Game prep goes beyond weight room, film room for men’s hoops
ETSU freshmen Isaac Banks (middle) and Devin Harris check out the produce section during a recent trip to Food City.
ETSU freshmen Isaac Banks (middle) and Devin Harris check out the produce section during a recent trip to Food City.

Wednesday, November 20, 2013

JOHNSON CITY, Tenn. (Nov. 20, 2013) – For ETSU men’s basketball’s strength and conditioning coach Ben Gleason, preparing the Buccaneers for success on the court requires more than simple weight training and cardiovascular workouts.

Gleason has spent time this semester educating the Bucs on the value of good dietary habits, and in an effort to emphasize the importance of eating well, Gleason planned a trip to the nearby Food City located on West Market Street in Johnson City to give ETSU’s players tips on what types of foods to purchase.

“We want to teach them the importance of basic nutrition and specifically what types of foods help in sports such as basketball,” Gleason said. “It’s also important to give tips for eating well on a tight budget, and then also being able to prepare meals on their own.”

Gleason said he’s taking a tiered approach that involves the following:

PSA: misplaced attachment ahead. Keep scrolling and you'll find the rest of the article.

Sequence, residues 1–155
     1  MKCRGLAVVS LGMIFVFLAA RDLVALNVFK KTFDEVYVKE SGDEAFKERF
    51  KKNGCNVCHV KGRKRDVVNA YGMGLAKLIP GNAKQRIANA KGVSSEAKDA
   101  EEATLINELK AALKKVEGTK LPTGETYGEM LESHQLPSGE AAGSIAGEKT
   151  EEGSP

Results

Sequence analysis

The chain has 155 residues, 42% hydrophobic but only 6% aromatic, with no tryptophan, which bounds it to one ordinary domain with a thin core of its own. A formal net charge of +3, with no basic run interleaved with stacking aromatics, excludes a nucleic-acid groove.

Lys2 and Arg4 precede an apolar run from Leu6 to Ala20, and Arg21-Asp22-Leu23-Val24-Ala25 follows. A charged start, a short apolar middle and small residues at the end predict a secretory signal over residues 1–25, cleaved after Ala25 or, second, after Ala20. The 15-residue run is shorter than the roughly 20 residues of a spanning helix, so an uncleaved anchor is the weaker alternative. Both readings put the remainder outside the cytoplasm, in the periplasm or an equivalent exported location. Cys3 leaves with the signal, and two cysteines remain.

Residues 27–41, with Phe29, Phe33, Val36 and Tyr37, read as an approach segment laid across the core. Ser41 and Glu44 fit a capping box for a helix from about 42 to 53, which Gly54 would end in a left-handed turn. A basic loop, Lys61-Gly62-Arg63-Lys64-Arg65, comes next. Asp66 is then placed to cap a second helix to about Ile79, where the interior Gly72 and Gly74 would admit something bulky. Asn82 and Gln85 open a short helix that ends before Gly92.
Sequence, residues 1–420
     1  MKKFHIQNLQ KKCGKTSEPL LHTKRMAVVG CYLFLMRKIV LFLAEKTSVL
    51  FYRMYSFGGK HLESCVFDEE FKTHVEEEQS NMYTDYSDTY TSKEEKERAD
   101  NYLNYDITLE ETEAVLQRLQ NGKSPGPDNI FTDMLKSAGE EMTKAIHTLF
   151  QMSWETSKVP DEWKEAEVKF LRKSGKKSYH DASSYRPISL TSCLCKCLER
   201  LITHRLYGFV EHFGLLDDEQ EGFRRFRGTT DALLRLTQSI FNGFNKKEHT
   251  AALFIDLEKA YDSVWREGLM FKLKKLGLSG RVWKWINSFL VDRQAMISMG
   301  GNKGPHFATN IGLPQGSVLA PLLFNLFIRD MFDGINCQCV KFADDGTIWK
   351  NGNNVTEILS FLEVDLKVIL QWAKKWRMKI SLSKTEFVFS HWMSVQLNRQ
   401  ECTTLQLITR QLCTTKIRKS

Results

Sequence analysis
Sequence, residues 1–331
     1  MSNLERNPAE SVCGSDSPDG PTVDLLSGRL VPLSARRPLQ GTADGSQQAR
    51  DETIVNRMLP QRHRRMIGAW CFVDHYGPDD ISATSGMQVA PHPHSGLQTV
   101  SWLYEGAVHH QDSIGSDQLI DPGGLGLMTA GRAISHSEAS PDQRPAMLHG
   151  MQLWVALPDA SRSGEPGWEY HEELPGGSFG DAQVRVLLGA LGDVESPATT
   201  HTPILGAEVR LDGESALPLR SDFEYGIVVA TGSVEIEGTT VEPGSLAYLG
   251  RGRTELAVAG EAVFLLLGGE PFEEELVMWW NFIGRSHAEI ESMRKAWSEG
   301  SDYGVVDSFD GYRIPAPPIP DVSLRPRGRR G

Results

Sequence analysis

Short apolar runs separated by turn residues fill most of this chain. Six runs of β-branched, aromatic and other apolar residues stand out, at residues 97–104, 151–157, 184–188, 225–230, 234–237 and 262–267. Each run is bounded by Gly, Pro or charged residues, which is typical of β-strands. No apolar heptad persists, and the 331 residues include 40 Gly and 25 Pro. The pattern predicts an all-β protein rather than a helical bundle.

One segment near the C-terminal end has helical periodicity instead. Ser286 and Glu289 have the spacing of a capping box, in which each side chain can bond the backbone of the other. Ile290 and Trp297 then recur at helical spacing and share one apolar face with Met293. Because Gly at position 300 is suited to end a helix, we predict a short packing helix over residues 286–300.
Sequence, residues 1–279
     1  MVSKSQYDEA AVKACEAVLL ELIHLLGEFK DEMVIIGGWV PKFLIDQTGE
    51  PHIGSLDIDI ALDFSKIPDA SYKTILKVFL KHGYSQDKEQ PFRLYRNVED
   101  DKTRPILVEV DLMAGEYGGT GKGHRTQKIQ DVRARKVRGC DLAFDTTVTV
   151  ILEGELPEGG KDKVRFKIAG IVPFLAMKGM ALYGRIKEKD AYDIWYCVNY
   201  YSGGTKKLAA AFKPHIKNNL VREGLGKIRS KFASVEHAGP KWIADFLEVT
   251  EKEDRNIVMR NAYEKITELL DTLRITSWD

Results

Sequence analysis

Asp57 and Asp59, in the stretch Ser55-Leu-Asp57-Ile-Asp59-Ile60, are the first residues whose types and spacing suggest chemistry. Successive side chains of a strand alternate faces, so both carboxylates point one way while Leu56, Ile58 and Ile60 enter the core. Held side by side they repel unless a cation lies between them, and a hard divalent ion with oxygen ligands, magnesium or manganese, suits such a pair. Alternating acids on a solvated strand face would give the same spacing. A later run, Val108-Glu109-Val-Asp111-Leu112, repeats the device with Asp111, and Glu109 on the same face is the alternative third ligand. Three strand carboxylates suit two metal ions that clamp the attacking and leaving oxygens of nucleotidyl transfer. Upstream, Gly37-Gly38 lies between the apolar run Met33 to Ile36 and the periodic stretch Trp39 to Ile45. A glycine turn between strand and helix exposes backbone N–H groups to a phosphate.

1. Learn basic nutrition and bioenergetics concepts relevant to basketball
  2. Learn how to properly structure a meal with regard to training and non-training days
  3. Sport nutrition strategies relevant to basketball
  4. Eating well on a budget
  5. Basic cooking skills

The trip to the Food City store fit as a fourth tier activity.

“Coach (Murry) Bartow has encouraged Brett Lewis (ETSU’s men’s basketball athletic trainer) and I to coordinate the pre-game meals and post-game meals in whatever way possible to ensure our players are getting a competitive edge and setting up optimal recovery,” Gleason said. “During the store visit, we showed players the foods that meet their in-season nutrient needs and are easy on the wallet. Ideally, our players are never skipping meals, and having food available in their rooms or apartments is the most effective way to address this critical need.

Gleason also said he’s battling social norms and the regular behavior of college students.

“Because our players are a sample of today's college students, many tend to lean toward fast food options for meals that may be convenient, but lack the proper nutrient balance to support their in-practice energy demands, etc. Education is a major part of optimal performance,” Gleason said.

For more on ETSU men’s basketball throughout the 2013-14 season, visit and click on the men’s hoops link.

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